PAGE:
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With Dropbox introducing enhanced RSS URLs for your ‘Recent Events‘ page, there are quite a few ways you can put this new feature to good use. Dropbox is already a must-have productivity tool, but with this new feature, combined together with a handy IFTTT recipe, you can easily power-charge how you and your friends or colleagues use the backup service.
With the RSS URL, you can use IFTTT trigger magic to receive a notification when changes are made to your Dropbox files. IFTTT’s flexible recipe creation also makes it possible to customize this feature to your heart’s content.
First thing you’ll want to do is find that RSS feed – which is located at the bottom of your Recent Events page.
Just click on the ‘Subscribe to this feed’ link and copy the link that pops up to your clipboard. If you’ve shared the RSS feed with someone and you no longer want them to have access to your Events page, you can reset the feed.
Now that you know where to find the RSS feed is – you can put it to good use over at IFTTT. One of the first ways you can take advantage of the RSS feed is to receive notifications when an event takes place. So let’s say you’re waiting for someone to share some important files with you. You can create a recipe using the RSS feature and your notification tool of choice – receive an email, an SMS or even a phone call – whatever you prefer.
The downside to using this simple recipe is that it can’t differentiate between your own actions and those of others – meaning you’ll receive notifications even when you make changes to Dropbox. You can, however, always deactivate the recipe when you’re at you’re computer and know you’ll be making some changes to your Dropbox files.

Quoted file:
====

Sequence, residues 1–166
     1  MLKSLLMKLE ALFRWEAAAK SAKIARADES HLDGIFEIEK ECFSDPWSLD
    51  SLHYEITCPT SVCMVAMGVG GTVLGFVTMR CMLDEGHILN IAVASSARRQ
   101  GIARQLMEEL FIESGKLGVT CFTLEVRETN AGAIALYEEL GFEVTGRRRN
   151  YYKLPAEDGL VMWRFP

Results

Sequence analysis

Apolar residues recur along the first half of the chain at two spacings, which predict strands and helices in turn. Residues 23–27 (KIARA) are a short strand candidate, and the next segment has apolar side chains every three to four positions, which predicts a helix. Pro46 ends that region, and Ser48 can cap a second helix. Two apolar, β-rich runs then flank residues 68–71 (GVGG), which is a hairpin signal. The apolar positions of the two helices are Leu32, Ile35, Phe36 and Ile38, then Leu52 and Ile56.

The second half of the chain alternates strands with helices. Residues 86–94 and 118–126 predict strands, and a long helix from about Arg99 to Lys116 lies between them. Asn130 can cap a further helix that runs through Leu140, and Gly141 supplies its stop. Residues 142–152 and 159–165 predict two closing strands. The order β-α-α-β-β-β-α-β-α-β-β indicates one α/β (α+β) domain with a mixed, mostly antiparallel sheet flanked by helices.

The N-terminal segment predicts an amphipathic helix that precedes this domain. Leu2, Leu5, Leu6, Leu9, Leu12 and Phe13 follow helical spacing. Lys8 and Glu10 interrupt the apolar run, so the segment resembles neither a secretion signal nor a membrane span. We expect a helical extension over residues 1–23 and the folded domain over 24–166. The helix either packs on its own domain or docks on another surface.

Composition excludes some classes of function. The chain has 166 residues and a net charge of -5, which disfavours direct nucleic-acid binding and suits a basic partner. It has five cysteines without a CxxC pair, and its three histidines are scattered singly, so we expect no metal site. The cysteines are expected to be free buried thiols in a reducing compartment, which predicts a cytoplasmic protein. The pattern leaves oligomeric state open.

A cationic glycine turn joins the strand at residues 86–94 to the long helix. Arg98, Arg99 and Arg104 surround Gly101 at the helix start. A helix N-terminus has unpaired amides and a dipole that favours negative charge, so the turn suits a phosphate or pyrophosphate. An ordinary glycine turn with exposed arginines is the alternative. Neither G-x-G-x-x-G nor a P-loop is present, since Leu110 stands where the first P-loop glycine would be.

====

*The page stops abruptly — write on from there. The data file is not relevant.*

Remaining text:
Alternatively, if you’d rather just switch the recipe on and forget about it, you could always opt for a slightly more complex method, and create triggers using keywords. Want to know when an item is deleted from Dropbox? Instead of selecting ‘New Feed Item’ when creating your recipe, choose ‘New feed item matches’ and then place the keyword in your recipe – deleted, added, shared etc. You can even use people’s names if you want to keep tabs on one particular user’s actions in your Dropbox folders.
If you’re not a fan of IFTTT, there are other ways you can put the RSS feed to good use. You could simply subscribe to the feed in your RSS reader to receive the updates in your reader of choice.
Don’t use an RSS reader anymore? You could always go the Boxcar route. If you’re not familiar with Boxcar, it’s a handy iOS app which makes managing pushing notifications on your phone a breeze. (Check out our review here.)
To use Boxcar with the Dropbox RSS feed, simply add the feed through your Boxcar settings using the convenient web-based interface, select the alert you want to receive on your device and let Boxcar do the rest. Unfortunately, like the simplified recipe listed above for IFTTT, Boxcar won’t give you the option to differentiate between your actions and those of others.
Can you think of any cool IFTTT recipes, or other tools, that you’d use with the Dropbox events RSS URL? Let us know in the comments.